Without commissioning an in-depth study on the subject, it's hard to tell exactly how many times Swede Fest has been mentioned in local media. It seems like a gazillion. The festival -- and its creators, Roque Rodriguez and Bryan Harley -- have that kind of buzz.
I'd say I've written a lot of that myself.
Yet, as the festival gears up for its 11th installment Sunday night at the Tower Theatre, it seems worth mentioning again.
Let's start at the beginning: A Swede is a low- (or no-) budget, summarized re-creation of a popular Hollywood movie or TV show. It's a parody made by you and your friends, an idea spawned by promotions for "Be Kind Rewind," the 2008 cult film from director Michel Gondry.
The Swede Fest is a showcase of those films.
The first Swede Fest was held in 2008 at an art gallery in Fresno's Chinatown. There were six films projected on a back wall. The whole thing ran about 45 minutes. At the end, it was decided there would be another.
Fast forward to November, when the festival's 10th installment was capped at 20 films and played to a close-to-sold-out audience at the Tower Theatre. That growth in popularity alone makes the festival worth mentioning.
As does the fact that Fresno's festival was the first of its kind in the nation. It spawned similar festivals in New Hampshire and Florida and has gotten national exposure from news outlets such as NPR.
It's also fun, free and family friendly -- an unusual combo these days.
But Swede Fest is really worth mentioning because of what it represents -- a sense of creativity and ingenuity that Fresno could use more of.
The very idea of interpreting a $40 million film with $40 (or less) seems impossible. To do it, you can't be defeatist. There is no room for pessimists. Creating a Swede is about seeing possibilities.
How to re-create an Iron Man suit -- or Vin Diesel's 1970 Dodge Charger RT from "The Fast and the Furious" or a sinking Titanic -- is a large part of the fun. Sometimes, it comes out cheesy (think tin foil and toys on strings).
But sometimes it's masterful.
Rodriguez and Harley's own series of Sweded trailers (which can be seen on their website, dumbdrum.com) have earned them an online following and mentions on CNN's "Geek Out," Ain't It Cool News, Slash Film and more. The Swede they did for Guillermo Del Toro's upcoming sci-fi epic "Pacific Rim" was mentioned by the director during a panel discussion at this year's WonderCon convention and got them an invite to the film's premiere.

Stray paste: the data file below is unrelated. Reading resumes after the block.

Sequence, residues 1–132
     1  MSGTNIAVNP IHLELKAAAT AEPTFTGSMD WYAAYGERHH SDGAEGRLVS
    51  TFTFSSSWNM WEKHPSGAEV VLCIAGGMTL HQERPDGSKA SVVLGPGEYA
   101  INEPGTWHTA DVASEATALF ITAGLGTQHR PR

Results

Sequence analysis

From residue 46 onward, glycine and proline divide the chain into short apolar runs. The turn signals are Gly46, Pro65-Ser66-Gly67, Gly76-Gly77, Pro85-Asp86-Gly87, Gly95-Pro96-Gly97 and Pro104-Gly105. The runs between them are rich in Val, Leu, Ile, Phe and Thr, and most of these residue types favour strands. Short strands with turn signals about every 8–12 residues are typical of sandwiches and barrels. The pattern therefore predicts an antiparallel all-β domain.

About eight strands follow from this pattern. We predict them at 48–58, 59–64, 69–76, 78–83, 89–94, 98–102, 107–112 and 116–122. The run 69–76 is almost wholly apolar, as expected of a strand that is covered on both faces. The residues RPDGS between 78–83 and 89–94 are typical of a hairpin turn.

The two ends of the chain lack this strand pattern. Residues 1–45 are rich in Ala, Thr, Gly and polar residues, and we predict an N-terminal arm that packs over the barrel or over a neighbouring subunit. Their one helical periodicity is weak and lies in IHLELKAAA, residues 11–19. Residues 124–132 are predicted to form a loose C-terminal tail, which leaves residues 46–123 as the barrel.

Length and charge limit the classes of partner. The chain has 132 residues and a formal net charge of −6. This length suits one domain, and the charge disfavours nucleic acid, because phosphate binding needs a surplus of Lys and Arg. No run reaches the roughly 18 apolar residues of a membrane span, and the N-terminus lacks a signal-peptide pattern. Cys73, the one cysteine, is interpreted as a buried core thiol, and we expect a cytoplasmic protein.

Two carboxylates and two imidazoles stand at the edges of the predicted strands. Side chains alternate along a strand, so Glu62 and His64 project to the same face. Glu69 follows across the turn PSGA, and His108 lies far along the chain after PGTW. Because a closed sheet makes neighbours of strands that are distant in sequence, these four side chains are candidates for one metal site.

They are pretty darn cool. The Swedes are shot scene-for-scene and are amazing in their creative (and artistic) use of cardboard, duct tape and spray paint.
Granted the pair probably has more creativity and experience than most of us, not to mention a better sense with an X-Acto knife. Rodriguez works as a graphic designer and Harley has been working as a local filmmaker since 2001.
Both are huge movie nerds.
They would make Swedes regardless of the festival. They chose to start one -- and work to keep it free and appropriate for all ages -- for a reason.
It's meant as inspiration.
They want you to create. If not a Swede, something else -- maybe a festival of your own.
So, yes. I will mention Swede Fest again (it's 6 p.m. Sunday at the Tower Theatre) because it's an inspiring thing and inspiration makes Fresno a better place to live.
If you go
Swede Fest 11, 6 p.m. Sunday at the Tower Theatre, 815 E. Olive Ave. Free and open to all ages. Michel Gondry's "Be Kind Rewind" will be shown prior to the festival. The film screens at 3 p.m. and costs $5. Details: Swedefest.com. FresnoFilmworks.org
The reporter can be reached at (559) 441-6470, email@example.com or @JoshuaTehee on Twitter. Read his blog at Fresnobeehive.com.